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Seminoles Big Men Like To Run, Too

Back before Maryland played Georgia Tech, we discovered (with the help of coaches who previously had played the Yellow Jackets) that Tech's big men were able and willing to run the floor. Well, it appears as though the same can be said for Florida State's frontcourt, which one official from a team that has played the Seminoles this season described as "athletic, long and lean."

Northwestern Assistant Coach Tavaras Hardy said his team's main concern entering its Dec. 3 match-up against Florida State was the Seminoles' size and speed, as well as the fact that the two appeared to coincide. The Wildcats defeated Florida State, 73-59, that night, but Hardy admitted his team was dealt a few favorable conditions.

For one, Florida State guard Derwin Kitchen was still sitting out while awaiting NCAA clearance after transferring in from a community college. That meant the Wildcats could badger Toney Douglas even more than they would have anyway, because Douglas was being asked to run the offense and distribute the ball, as well as be the team's go-to scorer.

Also, Florida State freshman center Solomon Alabi (7-foot-1, 241 lbs.) got into foul trouble early and was limited to 13 minutes of action.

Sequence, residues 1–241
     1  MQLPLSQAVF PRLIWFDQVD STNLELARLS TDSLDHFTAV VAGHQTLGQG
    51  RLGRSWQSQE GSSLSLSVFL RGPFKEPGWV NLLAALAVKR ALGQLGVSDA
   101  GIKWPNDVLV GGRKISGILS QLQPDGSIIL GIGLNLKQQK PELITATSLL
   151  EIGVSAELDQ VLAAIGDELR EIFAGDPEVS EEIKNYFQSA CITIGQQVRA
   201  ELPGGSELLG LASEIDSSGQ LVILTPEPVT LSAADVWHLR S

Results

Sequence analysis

Still, Hardy came away impressed by a few Florida State traits.

"Coach (Leonard) Hamilton does a lot of good stuff out of transition, offensively, where they push the ball up the court," Hardy said. "Their big guys run the floor very well. So we wanted to make sure our big guys got back and covered the paint and our guards stopped the ball, cause they're pretty fast."

As for Douglas, who played all 40 minutes against Northwestern and finished with a game-high 21 points, Hardy said the senior guard did well despite all the attention Northwestern devoted to him.

"Obviously, he's a pretty good shooter and he's pretty good going to the rim," Hardy said. "He's one of those guys who you can't play as one or the other. That was our main focus was to play him straight up cause he can hurt you a few different ways."

Hardy also pointed out that freshman forward Chris Singleton, as well as Solomon even in his limited action, crashed the boards very well and that they were able to contain Northwestern's dribble penetration by providing support for the Seminoles' perimeter defenders.

Florida State's downfall, Hardy noted, was its shooting. The Seminoles connected on 41.2 percent of their shots from the field and 26.1 percent of their shots from three-point range against the Wildcats.

"They didn't shoot the ball very well against us," Hardy said. "Some of the guys that I thought would be able to knock shots down weren't able to do it against us. As those young guys continue to grow, they'll definitely get that stuff squared away. They've got some potential weapons there."

By Steve Yanda  |  January 16, 2009; 10:29 AM ET
Categories:  Men's basketball  
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